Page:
Because it is a luxury market, the customers are connoisseurs. Menswear writers, Sherwood included, talk fondly of fathers introducing their sons to their tailors when they get their first suit. I doubt this happens that often any more on Savile Row or anywhere else. I personally think a Savile Row suit would be wasted on me like an exceptionally fine cigar or a vintage bottle of wine: I would not be able to appreciate it fully, because I really don’t know enough about suits to do so. Should I study the matter further, knowing more would make me more critical and disappointments more likely. It’s a never-ending balancing act which can be fun, but only if you accept that finding something just right is very rare. That is why I think getting a Savile Row suit would be far too stressful even if I could afford one. For everyone but the very rich, it’s not, as it should be, simply clothing. It’s clothing with an aura and a glorious past.

Wine is off the menu for me these days, but I’m happy with a decent cigar and clothes that fit me fairly well. For anyone striving for connoisseurship, however, it is more or less necessary to read something like Sherwood’s Savile Row. If you really aspire to be one, you should consider it homework.

Menswear Books: Dressing the Man by Alan Flusser

alan-flussers-dressing-the-man-1.jpgWhen I bought my copy of Alan Flusser’s Dressing the Man: Mastering the Art of Permanent Fashion, it was not the book I was looking for. I was actually searching for one of his other books I had heard about on Styleforum (either Style and the Man or Clothes and the Man), but they were unavailable. In any case, Flusser is very famous for being the guy who outfitted Michael Douglas in the 80s film Wall Street. The fashions in the film are not at all to my taste, but it is obvious to everyone who watches it that Flusser was very good at his craft. An article in The Rake tells me that Gordon Gekko’s wardrobe ate up nearly a fifth of the budget. I also always enjoyed the anecdote about Michael Douglas’s shirts requiring shoulder padding, because his natural shoulders were not photogenic enough.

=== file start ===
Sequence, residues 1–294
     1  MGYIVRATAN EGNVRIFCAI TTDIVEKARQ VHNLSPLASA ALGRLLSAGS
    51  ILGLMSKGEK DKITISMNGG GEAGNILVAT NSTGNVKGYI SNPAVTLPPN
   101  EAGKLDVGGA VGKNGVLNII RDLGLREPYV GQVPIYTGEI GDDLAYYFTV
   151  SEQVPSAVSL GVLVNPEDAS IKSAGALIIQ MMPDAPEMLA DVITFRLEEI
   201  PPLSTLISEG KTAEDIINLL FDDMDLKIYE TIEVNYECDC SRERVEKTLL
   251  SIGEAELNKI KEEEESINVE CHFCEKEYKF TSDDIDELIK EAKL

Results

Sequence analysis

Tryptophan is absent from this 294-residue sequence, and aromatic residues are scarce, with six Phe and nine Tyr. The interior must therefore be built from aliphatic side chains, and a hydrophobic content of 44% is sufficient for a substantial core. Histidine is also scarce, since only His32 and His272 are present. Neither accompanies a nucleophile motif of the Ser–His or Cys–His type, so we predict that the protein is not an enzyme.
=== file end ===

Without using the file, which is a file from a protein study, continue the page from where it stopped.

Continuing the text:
lumberghThe Gordon Gekko outfits have now come full circle and become meme-worthy satires of the aspiring middle-management guy in his power tie, but Flusser’s books are still very good reading. Dressing the Man is more focused on clothing than Bernard Roetzel’s Gentleman and there are fewer lifestyle items. Rather, Flusser is wonderfully obsessed with proportion, pattern and color. In short, he talks about classic menswear a lot and has his feet firmly planted in the golden age of men’s fashion. There are a lot of wonderful pictures and drawings to help you figure out what you should wear and how. It’s a great practical guide with a solid historical perspective.

One of the things you could be critical of in Flusser’s book is his way of dressing people based on their body type and complexion. Can’t I wear what I want to wear? If there is a garment whose color does not really suit my complexion and I really like it, should I just simply skip it and adhere to Flusser’s rules? When it comes to proportion and silhouette, I think you should listen to Flusser. It’s obviously something he knows a lot about and he is also very good at translating that knowledge into something the rest of us can understand. With color and complexion, I would be more adventurous were I someone who likes to experiment with color. There are restrictions your body shape and complexion place on your clothes, but there are other factors at play as well. For one thing, fun. Clothes are a serious matter sometimes, but they should also bring you joy. One of the joys of wearing clothes is breaking the rules. So, I guess what I want to say is that you should read Flusser, learn the rules and then break them wisely.